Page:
The writing’s on the wall for Fannie Mae (OTC: FNMA) and Freddie Mac (OTC: FMCC). Senators Bob Corker (R-Tenn.) and Mark Warner (D-Va.) introduced their bill yesterday, the goal of which is to replace the two mortgage financiers with a government reinsuring agency.
The bill enjoys bipartisan support, and the general consensus across party aisles is that Fannie and Freddie should be “retired”, while the federal government maintains an active federal role in mortgage lending.
“There is a bipartisan effort here that’s thoughtful and it is without question the most thorough Congressional effort to draft a GSE reform legislation to date,” David Stevens, president and chief executive officer of the Mortgage Bankers Association, said in an interview.
Fannie and Freddie were both taken over by the government back in 2008. Although both have produced surprisingly good results of late, the terms of their takeover mean they can never quite buy back their independence from the government.
Quite aside from the central issue of mortgages, this bill is part of a broader effort to reform on a structural basis the U.S. domestic mortgage and housing systems. The bill allows for Freddie and Fannie to both be gradually dissolved over a five year term.
It’s true that banks with participation in the bad mortgages will consequently have to absorb losses; however, Corker believes this is a positive thing, since it negates any perceptions of “private gains and public losses”—in other words, it’s a good thing that the banks are facing consequences for their poor decisions in the past.
Under the terms of the bill, private financiers will need to hold equity capital equivalent to 10 percent of the principal of any underlying securities in order to cover any initial loan losses. This clause has come under criticism from entities involved in the home financing market, but the bill’s supporters have stood firm in their defense. What’s replacing Fannie and Freddie is, tentatively, the Federal Mortgage Insurance Corp., which would continue the work of Fannie and Freddie.
The FMIC, modeled after the Federal Deposit Insurance Corp., will continue to collect on insurance premiums and will maintain a dedicated insurance fund. This is to serve as a buffer of sorts in the event that a certain amount of private capital runs out.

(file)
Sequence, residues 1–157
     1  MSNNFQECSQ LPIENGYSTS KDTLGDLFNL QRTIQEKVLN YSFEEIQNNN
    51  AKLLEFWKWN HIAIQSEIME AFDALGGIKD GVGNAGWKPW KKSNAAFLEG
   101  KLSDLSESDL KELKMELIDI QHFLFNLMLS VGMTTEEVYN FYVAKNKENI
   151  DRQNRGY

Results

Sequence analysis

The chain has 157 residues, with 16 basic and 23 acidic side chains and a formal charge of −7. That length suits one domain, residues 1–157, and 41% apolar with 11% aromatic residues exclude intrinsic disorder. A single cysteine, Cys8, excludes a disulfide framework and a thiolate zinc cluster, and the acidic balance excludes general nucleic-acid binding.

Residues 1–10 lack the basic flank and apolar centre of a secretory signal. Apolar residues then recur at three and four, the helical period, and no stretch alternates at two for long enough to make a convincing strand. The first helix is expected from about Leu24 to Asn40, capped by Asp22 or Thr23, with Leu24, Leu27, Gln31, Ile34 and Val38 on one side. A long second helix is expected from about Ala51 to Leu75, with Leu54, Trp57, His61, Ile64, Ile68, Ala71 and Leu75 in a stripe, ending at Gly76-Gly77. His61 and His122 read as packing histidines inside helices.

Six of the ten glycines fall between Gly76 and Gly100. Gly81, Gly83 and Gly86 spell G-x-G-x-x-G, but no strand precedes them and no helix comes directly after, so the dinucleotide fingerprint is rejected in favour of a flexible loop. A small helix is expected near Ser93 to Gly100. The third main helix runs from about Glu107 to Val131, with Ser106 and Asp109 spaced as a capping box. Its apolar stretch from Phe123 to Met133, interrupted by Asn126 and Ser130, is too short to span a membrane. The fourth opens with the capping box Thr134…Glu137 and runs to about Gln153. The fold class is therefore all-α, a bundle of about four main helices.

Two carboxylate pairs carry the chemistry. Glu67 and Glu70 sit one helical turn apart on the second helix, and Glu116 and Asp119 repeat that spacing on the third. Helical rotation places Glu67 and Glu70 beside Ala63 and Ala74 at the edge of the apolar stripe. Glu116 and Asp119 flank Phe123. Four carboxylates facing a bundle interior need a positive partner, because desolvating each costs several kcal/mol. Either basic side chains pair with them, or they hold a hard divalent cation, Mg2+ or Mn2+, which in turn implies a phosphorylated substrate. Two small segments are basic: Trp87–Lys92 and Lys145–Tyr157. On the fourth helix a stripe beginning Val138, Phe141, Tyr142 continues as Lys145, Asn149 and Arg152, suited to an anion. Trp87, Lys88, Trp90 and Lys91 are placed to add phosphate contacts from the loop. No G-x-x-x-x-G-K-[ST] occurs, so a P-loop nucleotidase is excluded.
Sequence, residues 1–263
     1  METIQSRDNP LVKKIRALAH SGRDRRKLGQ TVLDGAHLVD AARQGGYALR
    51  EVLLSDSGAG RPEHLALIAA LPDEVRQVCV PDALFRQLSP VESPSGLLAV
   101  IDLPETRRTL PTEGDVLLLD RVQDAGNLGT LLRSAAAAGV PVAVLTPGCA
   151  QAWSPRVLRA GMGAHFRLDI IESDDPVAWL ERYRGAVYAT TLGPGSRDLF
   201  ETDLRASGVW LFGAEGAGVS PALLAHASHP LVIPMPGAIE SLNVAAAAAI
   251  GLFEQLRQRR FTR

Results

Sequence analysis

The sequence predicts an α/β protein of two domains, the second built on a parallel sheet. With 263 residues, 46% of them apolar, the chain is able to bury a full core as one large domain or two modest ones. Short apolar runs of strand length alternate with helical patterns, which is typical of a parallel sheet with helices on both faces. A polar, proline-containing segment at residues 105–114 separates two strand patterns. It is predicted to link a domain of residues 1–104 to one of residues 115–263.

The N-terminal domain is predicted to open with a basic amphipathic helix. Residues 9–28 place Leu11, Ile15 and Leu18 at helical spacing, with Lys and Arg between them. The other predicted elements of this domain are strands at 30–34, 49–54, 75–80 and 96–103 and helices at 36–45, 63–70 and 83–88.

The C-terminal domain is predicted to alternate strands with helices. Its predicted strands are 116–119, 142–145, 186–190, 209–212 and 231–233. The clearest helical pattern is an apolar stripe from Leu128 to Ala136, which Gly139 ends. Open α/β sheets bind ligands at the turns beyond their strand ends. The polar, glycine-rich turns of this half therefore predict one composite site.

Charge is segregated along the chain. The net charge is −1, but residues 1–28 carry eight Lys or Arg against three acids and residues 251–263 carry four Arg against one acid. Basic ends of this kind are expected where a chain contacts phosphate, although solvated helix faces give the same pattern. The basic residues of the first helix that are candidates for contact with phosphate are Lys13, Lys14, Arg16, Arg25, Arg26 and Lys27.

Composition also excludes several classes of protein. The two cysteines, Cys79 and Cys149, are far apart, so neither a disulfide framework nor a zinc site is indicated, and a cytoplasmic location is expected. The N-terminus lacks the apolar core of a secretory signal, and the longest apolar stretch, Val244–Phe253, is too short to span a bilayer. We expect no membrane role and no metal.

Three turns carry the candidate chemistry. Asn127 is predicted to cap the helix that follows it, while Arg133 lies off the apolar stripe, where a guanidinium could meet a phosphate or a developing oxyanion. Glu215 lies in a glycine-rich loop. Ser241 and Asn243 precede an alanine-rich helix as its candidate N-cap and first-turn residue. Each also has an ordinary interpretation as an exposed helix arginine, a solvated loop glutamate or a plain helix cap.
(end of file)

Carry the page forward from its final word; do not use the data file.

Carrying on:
In short, there are provisions for the FMIC to handle major losses in unusual circumstances—losses that could pose a risk to the housing and mortgage systems at large. However, this kind of emergency measure is to be limited to six months per three-year period.
Opposition to Dissolution
There has been opposition to the government’s plans to close down Fannie and Freddie, due largely to the aforementioned recent uptick in their revenues. Notable hedge funds like Paulson & Co. Inc. and Claren Road Asset Management LLC. have invested in the two have been lobbying against their shutdown.
The to-be-created FMIC will not only maintain the separate insurance fund I mentioned earlier for use in times of crisis; it would also continue buying home loans from their originators, guarantee securities (backed by mortgages) holders against losses, and generally promote affordable housing finances, reports ValueWalk. It’s a significant responsibility, since between Fannie and Freddie, more than half of all new domestic loans are handled.
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While the new bill may be a welcome relief for the housing and mortgage markets, it is unlikely to light many smiles on the faces of Fannie’s and Freddie’s private stock holders, many of whom, like Paulson, sought to bet on their restoration to private autonomy due to the recent change in performance.
The conditions of the U.S. bailout for these two companies ended in the Treasury holding $188 billion in preferred stock, but any profits exceeding a threshold (required to sustain a capital buffer) are automatically returned to the government. And the Treasury can, if it wishes, obtain about 80 percent of all common stock belonging to Fannie and Freddie.
Opponents of the dissolution movement point out that restoring Fannie and Freddie to private autonomy would mean taxpayers would get back their “investment” plus profits, while the housing market would continue on the basis of familiarity. Moreover, it would encourage private competition in the market, and all the general arguments for deregulation would continue to apply.
In short, the entirety of the opposition’s claims rests upon the recent upward trend in Fannie’s and Freddie’s performance.
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